Titles are followed by the name of the lead singer on this recording, then the name and town of the source singer/musician (in italics).  If a song is widely known by another title, this is given in brackets after the main title.  Child, Roud and Laws index numbers are given where appropriate.  Sharp manuscript references are given for the instrumental pieces he noted.

1    BOLD ROBINSON  Jeff; William Stokes, Chew Stoke.  Roud 2411

     Cecil Sharp collected two other versions of this lively prizefighting song in Somerset, and other collectors have found it in Hampshire and Wiltshire.  William Stokes, agricultural labourer, miner, sexton and stonemason, sang 33 songs for Sharp, who visited him several times between 1906 and 1909.


2    CREEPING JANE   Harry; William King, East Harptree.  Roud 1012.  Laws Q23
     William King was a tenant farmer at Spring Farm, above East Harptree.  Sharp was mightily impressed with his singing and repertoire when he met him for the first time on 15th April 1904.  This was at a singing evening at the Castle of Comfort public house which his hosts, the Kettlewells of Harptree Court, had arranged for his benefit.  Sharp’s field notebooks suggest that this very distinctive version of a favourite horseracing song was Farmer King’s first offering that night.
3    THE LARK IN THE MORN  Geoff, Olga; William Stokes, Chew Stoke.  Roud 151
     Sharp noted only the tune and one verse from William Stokes of this popular country song.  We have added verses from other versions, mainly from the Copper family. 
4    CUCKOO’S NEST/JAMES HIGGINS’S HORNPIPE  James Higgins, Shepton Mallet.  Sharp ms.
 FT 1503 & 1496.
     James Higgins, fiddler, was a former shopkeeper who fell on hard times in his old age, and was resident in Shepton Mallet Workhouse when Sharp met him in September 1907.
5    COAL BLACK SMITH (The Two Magicians)  Angela, John; Austin Wookey, East Harptree.
     Child 44.  Roud 1350
     Austin Wookey, who was a great repository of local knowledge, sang this to Bob and Jacqueline Patten in 1976.  They included the music and their recording in their Somerset Scrapbook (INA Books, 1987), which is now available on CD-ROM from Musical Traditions. (  Mr Wookey had no doubt learned it originally from Sharp’s Folk Songs from Somerset, in which Sharp had published the version he noted from Mr Sparks, a blacksmith from Minehead.  Austin had made a number of delightful minor changes to Mr Sparks’s version over the years, truly making the song his own.  We have ourselves added two verses from other versions to make the song more complete.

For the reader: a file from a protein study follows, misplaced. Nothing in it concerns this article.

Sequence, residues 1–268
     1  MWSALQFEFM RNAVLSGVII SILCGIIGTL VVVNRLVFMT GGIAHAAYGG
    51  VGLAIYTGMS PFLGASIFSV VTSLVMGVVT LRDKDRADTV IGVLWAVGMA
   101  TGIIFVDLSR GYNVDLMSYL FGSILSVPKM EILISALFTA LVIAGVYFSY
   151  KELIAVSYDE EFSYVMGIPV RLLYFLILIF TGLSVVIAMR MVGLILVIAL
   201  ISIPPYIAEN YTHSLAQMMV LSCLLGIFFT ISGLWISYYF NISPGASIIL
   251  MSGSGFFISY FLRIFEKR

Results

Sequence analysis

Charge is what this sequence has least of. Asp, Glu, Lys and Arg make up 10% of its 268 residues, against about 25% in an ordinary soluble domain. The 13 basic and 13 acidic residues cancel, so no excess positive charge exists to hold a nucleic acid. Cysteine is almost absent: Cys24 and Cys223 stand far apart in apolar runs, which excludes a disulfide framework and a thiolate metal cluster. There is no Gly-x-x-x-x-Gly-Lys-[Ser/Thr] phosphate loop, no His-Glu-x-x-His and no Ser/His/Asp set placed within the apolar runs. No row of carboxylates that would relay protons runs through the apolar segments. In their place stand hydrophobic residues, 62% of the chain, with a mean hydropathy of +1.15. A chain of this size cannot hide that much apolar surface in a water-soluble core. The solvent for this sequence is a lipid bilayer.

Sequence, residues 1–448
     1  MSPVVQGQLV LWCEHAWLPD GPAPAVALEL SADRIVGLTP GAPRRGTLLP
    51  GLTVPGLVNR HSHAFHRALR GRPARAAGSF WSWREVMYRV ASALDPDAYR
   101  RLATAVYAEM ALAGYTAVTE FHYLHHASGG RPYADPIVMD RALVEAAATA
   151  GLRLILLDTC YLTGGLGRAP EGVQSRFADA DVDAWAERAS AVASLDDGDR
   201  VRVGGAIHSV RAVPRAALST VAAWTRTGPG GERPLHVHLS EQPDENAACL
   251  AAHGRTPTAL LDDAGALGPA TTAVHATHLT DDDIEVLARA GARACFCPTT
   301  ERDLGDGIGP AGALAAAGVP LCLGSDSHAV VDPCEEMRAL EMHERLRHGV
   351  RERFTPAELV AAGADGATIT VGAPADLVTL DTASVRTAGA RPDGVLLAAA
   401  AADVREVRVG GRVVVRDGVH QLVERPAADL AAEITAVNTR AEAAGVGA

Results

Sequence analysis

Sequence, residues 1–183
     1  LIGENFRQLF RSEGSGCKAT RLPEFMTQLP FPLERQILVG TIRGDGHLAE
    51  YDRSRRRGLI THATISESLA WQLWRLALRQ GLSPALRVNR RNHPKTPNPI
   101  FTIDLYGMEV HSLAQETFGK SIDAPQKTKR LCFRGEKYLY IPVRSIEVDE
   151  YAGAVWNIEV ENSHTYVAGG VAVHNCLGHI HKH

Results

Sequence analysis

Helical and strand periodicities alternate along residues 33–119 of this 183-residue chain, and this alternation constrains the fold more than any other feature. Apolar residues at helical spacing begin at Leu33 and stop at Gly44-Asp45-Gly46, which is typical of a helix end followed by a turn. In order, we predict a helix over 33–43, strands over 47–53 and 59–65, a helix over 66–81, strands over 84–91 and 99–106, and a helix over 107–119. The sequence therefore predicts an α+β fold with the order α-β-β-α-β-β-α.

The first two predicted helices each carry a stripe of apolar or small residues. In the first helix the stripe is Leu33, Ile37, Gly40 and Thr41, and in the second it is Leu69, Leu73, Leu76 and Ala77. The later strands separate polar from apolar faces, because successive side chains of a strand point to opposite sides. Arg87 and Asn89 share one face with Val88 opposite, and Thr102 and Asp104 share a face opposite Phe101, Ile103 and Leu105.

6    THE LADY AND THE DRAGOON  Sarah Sage, Chew Stoke.  Child 7.  Roud 321.  Laws M27
     Sharp visited Sarah Sage four times in 1907, referring to her as Mrs R Sage.  (Her late husband’s name was Richard.)  Like William Stokes she had been born in Winford, and they shared some repertoire.  Many, but not all, scholars regard this song as a broadside rewrite of Earl Brand (Child 7).  In this “rewritten” form it has seventeenth century origins, making it older than any surviving orthodox version of the ballad!
7    STEAL AWAY THE MORNING DEW (Blow Away…/Clear Away…/The baffled Knight)
 Alan, Anna; Elizabeth Price, Compton Martin.  Child 112.  Roud 1350
     Sharp lamented that he could not persuade Mrs Price to sing him any more songs after she had sung him this one in August 1904.  In Folk Songs from Somerset he published a  collation of elements from Mrs Price’s version and the one which half-sisters Lucy White and Louie Hooper of Hambridge gave him.  We think it is refreshing to hear Elizabeth Price’s version in full.
8    BLACKBIRDS AND THRUSHES  Dave; George Wyatt, West Harptree.  Roud 12657
     George Wyatt and his wife Lydia were living in a ‘key house’ (squatters’ cottage) at Blue Bowl, West Harptree when Sharp met them in April 1904.  He collected this heartbreaking little song from George before going to the singing evening at the Castle of Comfort.  Sharp heard it in fragmentary versions from a few other singers in Somerset, and it has been collected once in Dorset but appears otherwise unknown.
9    DABBLING IN THE DEW  William Stokes, Chew Stoke.  Roud 298
     William Stokes again!  This flirtatious dialogue song featuring a self-possessed  young milkmaid was collected frequently in southern England by the early collectors.  Later in the 20th century George ‘Pop’ Maynard from Sussex sang a gorgeous version.
10    BRICKS AND MORTAR/COUNTRY DANCE  Henry Cave, Midsomer Norton.  Sharp ms. FT 1479 & 1488
     Itinerant knife grinder and fiddler Henry ‘Harry’ Cave, originally from Evercreech, was a well-known character in north Somerset.  He played in various settings (eg. concert parties and  step –dances), and was described by Sharp as a “first rate fiddler”.  Sharp met him three times between April and September 1907 , at Coleford, Midsomer Norton and Nettlebridge (where Henry played for step-dancing at the George Inn).  Presumably like many traditional musicians Henry did not have names for all his tunes, so Sharp titled a number of them simply as Country Dance.   Bricks and Mortar is related to Astley’s/ Ashley’s Hornpipe; Henry Cave also played a close variant of the same tune which he called Swansea Hornpipe.  The Country Dance played here is known elsewhere as Bath Road Hornpipe.
     Sadly Henry Cave died of exposure near Chilcompton on a bitterly cold night at the end of December that year.  He was only 53.
11    GOSSIP JOE  (Gossip Joan/John/Jones)  Thomas Brunt, Blagdon.  Roud 1039
     This jovial song, popular in various forms even today at traditional feasts such as hunt suppers, was the only piece which Sharp noted from Thomas Brunt.  Its earliest known printing is as The Woman’s Complaint to her Neighbour in Thomas D’Urfey’s Wit and Mirth, or Pills to Purge Melancholy (1719-20).  It later featured in many 18th century ballad operas, in most of which, as in D’Urfey, the gossip is a woman, Gossip Joan.  This holds true for most traditional versions, but it is refreshing to find some that, like Thomas Brunt’s, acknowledge that gossiping is an equal opportunities business!  Sharp noted only one verse from Mr Brunt; we have added verses from other versions.
12    THE STREAMS OF LOVELY NANCY  John; William Stokes, Chew Stoke.  Roud 688